Kyle George, left and Wes Neal are co-owners of Bright Angel Bicycles. The company will offer day rentals of bicycles at the South Rim of the Grand Canyon. (Jake Bacon/Arizona Daily Sun)
Rim rentals finally a reality
Two ex-river runners from Flagstaff have secured the first-ever bike rental concession on the South Rim of Grand Canyon National Park
Riding on a bike on the Hermit Road Trail is one of the best ways to experience the natural beauty of the South Rim of the Grand Canyon.
Getting a bicycle into the Canyon, however, requires planning in advance of any trip. It particularly hasn't been easy for tourists on buses and those who don't have a bike rack or room for a cycle in their car.
Flagstaff- based Bright Angel Bicycles will make it much easier for visitors next week when it starts offering bicycle rentals at the Grand Canyon Visitor Center.
Kyle George and Wes Neal 'recently were awarded the first ever bicycle rental concession at the South Rim by the National Park Service. They have signed a contract to offer daily rentals for the next year, with an option to renew for at least another year.
Neal said he has been discussing a business proposal with Park Service officials for about two years. He credits Grand Canyon National Park Superintendent Steve Martin for getting the program off the ground.
"The park is really behind this," he said .
. The pair sees the newly reconstructed Hermit Road and associated greenways as a likely destination for many of their customers.
"It is a great scenic ride. It is, by far, the best thing going in terms of a bike ride (in the Canyon)," Neal said.
The pair have scouted the area in recent weeks, noting the Hermit Road Trail already has dedicated cyclists savoring the 14-mile round-trip.
"It is really, really popular - anyone who knows about it seems to be having a good time on it," George said.
The business will also offer a shuttle service to take customers from the visitors center to the Hermit Road entrance. Two daily guided tours are also in the works.
The pair said before anyone is allowed to leave the area on two wheels, they will need to go through a detailed orientation on which trails to ride as well as a reminder that the bikes aren't allowed on trails into the Canyon, like the Bright Angel Trail.
75 BIKES AND A PLAN
The former river runners looked at visitation patterns before settling on buying a total of 75 bikes from the Haro Bicycle Corporation. "It gave us a good estimate of what we might be doing, so we thought 75 would be a good place to start:' George said.
In addition to various frame sizes to accommodate. children as young as 8 years old, Bright Angel Bicycles will also rent out bike trailers so parents can take younger children with them.
The trailers will come from a local business, BikeShopHub.com, Neal said. For the less coordinated, would - be customers concerned about riding along the edge of the Canyon, the bicycle rental company has added an adult tricycle to their rental fleet.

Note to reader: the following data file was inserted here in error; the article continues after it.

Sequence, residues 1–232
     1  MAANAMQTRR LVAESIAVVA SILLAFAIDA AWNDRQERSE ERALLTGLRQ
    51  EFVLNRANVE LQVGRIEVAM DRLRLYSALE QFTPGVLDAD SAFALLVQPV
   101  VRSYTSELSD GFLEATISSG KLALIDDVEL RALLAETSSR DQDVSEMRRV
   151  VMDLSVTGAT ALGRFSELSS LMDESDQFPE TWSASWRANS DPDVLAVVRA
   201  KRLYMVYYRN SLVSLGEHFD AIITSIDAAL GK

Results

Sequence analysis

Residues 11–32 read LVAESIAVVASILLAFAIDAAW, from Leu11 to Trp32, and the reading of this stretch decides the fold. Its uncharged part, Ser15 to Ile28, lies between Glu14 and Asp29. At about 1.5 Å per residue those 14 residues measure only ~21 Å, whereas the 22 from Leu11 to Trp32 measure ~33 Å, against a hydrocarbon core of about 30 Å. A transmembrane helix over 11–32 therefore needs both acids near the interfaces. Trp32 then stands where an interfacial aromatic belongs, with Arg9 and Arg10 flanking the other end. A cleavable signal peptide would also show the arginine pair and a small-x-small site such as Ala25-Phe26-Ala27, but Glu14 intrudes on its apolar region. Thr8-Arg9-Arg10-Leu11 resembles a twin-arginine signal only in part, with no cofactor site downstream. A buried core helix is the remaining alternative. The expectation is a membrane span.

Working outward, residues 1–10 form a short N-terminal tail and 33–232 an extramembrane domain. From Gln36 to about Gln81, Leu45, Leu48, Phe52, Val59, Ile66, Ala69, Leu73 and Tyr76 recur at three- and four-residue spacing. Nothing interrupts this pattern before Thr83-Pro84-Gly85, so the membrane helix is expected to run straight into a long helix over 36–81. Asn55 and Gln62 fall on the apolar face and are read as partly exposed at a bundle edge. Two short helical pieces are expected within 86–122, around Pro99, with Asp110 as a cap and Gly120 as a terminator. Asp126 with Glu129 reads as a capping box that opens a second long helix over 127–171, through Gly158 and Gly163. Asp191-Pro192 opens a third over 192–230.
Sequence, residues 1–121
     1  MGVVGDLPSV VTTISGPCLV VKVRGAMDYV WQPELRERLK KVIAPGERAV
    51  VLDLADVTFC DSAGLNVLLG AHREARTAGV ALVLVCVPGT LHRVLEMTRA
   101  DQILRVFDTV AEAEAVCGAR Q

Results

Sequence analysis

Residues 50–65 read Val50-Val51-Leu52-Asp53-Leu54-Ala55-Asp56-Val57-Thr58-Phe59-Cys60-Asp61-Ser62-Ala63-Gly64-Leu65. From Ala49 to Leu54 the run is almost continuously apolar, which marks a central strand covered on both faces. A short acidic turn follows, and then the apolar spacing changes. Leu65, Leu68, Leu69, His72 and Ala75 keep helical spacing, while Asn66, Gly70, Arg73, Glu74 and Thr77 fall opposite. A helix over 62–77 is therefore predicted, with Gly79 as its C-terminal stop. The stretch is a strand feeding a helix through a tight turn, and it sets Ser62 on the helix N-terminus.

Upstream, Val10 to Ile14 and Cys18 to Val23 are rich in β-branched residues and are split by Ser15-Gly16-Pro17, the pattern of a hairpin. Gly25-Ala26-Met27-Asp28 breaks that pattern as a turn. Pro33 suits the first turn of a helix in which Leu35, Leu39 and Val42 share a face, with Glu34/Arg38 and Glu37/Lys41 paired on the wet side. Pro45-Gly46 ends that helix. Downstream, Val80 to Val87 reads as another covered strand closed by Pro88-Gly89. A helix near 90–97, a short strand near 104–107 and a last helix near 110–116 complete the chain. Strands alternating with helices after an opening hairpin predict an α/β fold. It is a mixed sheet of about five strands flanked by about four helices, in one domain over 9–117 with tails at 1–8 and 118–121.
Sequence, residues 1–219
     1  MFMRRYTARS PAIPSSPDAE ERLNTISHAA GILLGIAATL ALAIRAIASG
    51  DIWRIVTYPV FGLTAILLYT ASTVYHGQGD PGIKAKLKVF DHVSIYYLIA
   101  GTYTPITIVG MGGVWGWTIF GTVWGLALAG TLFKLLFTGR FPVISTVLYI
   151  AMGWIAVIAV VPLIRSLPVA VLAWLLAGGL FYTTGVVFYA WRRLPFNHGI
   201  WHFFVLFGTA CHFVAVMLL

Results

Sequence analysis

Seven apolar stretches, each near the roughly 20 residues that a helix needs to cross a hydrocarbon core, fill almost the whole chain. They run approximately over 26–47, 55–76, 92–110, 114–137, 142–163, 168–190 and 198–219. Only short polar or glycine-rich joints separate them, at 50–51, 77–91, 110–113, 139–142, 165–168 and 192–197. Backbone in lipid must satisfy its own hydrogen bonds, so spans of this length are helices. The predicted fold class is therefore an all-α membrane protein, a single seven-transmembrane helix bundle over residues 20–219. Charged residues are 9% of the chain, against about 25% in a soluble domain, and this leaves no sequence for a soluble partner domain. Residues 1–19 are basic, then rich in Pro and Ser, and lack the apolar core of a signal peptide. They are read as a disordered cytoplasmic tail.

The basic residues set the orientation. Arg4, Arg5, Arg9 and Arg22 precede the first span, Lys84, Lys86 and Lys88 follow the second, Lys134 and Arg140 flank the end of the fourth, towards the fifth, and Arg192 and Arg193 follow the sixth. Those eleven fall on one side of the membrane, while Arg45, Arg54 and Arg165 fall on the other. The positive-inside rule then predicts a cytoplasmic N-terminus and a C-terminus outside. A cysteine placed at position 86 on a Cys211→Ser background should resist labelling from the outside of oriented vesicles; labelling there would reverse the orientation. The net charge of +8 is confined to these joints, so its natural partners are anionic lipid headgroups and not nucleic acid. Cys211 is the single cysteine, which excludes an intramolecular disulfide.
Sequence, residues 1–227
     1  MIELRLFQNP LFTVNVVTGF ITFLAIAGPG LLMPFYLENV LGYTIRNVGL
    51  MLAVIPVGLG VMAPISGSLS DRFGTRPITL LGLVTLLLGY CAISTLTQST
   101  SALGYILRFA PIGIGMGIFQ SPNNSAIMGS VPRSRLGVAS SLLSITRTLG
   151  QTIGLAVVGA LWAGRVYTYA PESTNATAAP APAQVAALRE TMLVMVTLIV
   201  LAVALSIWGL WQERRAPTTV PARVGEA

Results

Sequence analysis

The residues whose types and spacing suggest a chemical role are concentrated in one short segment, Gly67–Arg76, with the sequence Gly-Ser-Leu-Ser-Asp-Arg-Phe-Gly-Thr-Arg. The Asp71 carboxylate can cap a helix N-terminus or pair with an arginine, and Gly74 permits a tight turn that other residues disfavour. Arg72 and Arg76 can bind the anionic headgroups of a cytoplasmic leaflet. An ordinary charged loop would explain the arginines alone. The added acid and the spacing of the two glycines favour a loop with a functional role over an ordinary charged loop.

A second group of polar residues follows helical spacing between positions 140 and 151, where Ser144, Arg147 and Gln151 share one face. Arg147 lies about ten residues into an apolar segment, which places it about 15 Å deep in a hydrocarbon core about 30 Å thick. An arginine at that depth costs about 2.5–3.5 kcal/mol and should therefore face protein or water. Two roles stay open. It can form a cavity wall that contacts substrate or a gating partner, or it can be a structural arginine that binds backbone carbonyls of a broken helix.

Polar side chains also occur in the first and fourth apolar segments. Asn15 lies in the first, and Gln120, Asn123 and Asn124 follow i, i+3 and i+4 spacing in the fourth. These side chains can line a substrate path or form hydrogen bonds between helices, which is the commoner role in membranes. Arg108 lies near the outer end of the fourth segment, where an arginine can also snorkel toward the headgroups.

"It's for the folks who aren't too stable on the bikes:' Neal said.
Running from 8 a.m. to 6 p.m. every day, the two men said they would be running the kiosk themselves, although George , hopes to hire at least two more people in the coming weeks.
The pair has invested roughly $55,000 to launch the business, a mix of savings and a business loan. Rates starts at $10 an hour, and a full- day rental is priced at $35.
Rentals will be offered daily until late October, weather permitting. "It just depends on what the weather is like:' George said.
GOING GREEN, REALLY GREEN
As the four-person staff of Bright Angel Bicycles worked to assemble the bikes and build a small kiosk and a storage rack out of a Sunnyside warehouse last week, Neal said the
entire operation at the Canyon this year would be green Mostly out of necessity.
"We don't have any power, so we are having to run everything basically out of battery power:' he said.
The credit card machine, George said, will use a wireless signal from a cell phone to conduct transactions and will likely be powered by a solar panel trickle charger.
A more permanent location could be provided by the park service as early as next year, depending on its popularity with Canyon tourists.
Initially, the focus was on building a rail service to accommodate the roughly 4.5 million visitors the Canyon sees annually, said Grand Canyon spokeswoman Maureen Oltrogge. In 2000, Congress opted instead for a fleet of shuttle buses rather than building an expensive rail line at the South Rim.
An environmental assessment conducted several years ago for the South Rim found renting bicycles would not be harmful to the park's ecosystem.
WHERE: South Rim Visitors Center HOURS: 8 a.m. to 6 p.m., daily OPENING: May 1
PRICE: $10/hour, $35/day CONTACT: (928) 814-8704 or www.bikegrandcanyon.com
Reference: Arizona Daily Sun, April 25, 2010, p B1, B4
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